This annual award, which carries a $500 prize, has been established with the generous support of Guido Ruggiero, Professor of History, in memory of his brother, David John Ruggiero.

WINNER OF THE DAVID JOHN RUGGIERO DISSERTATION AWARD


Cecile Houry (History)

Cecile Houry's dissertation, American Women and the Modern Summer Olympic Games: A Story of Obstacles and Struggles for Participation and Equality, is a cogently argued account of female exclusion from and participation in the Olympic Games. In making the argument that the Olympic Games "empower women as they simultaneously reinforce their position of subordination" in a male-dominated society, Houry taps into widely interdisciplinary methodologies: sports history, sociology of sport, psychology, gender studies, legal studies, and media studies. Houry's interviews with more than thirty female Olympic participants and her work in archives and special collections contribute to the empirical originality of her dissertation, provide evidence for her arguments and her critical analysis of sports history, and strengthen the dissertation's appeal to a wide readership of specialists and non-specialists alike.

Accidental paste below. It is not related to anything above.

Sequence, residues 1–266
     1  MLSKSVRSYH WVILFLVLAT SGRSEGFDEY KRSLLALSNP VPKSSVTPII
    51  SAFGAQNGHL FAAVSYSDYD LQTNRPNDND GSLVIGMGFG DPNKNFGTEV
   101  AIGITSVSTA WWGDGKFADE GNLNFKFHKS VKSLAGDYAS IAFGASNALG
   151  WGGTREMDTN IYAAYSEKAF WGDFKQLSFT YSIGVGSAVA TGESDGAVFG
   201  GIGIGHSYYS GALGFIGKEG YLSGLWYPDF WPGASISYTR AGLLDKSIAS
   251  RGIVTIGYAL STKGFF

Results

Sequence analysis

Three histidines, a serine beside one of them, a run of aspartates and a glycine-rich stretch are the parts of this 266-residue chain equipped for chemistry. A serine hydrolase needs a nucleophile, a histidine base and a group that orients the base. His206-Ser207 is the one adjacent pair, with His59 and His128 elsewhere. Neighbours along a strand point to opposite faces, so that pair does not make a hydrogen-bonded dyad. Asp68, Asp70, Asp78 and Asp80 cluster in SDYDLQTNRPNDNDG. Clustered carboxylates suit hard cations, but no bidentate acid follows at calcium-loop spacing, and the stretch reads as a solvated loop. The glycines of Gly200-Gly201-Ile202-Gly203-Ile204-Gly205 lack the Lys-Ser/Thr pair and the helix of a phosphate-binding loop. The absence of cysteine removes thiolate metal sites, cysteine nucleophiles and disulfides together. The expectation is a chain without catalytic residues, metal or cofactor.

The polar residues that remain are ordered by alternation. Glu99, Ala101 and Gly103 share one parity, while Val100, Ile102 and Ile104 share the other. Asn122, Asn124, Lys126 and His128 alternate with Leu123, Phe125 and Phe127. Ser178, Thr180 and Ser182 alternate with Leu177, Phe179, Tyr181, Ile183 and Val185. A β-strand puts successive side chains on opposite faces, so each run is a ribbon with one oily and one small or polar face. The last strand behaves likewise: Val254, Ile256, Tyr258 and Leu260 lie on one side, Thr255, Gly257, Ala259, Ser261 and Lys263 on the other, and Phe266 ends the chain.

HONORABLE MENTION


Kristin E. Borgwald (Philosophy)

Kristin E. Borgwald's dissertation, Extending Care, is a well-conceived and clearly-written dissertation that makes a distinct contribution to the field of care ethics while at the same time speaking to more broadly interdisciplinary fields such as gender studies, sociology, psychology, and healthcare. Borgwald recasts the cognitive component of sentimentalist care philosophies to make the case for increased attention to the development of female epistemic personhood through an emphasis on self-respect, justice, and the awareness of principles underlying caregiving. Borgwald's dissertation represents an independent, critical analysis that is informed by contemporary developments in the field, while remaining analytically objective and offering significant insights.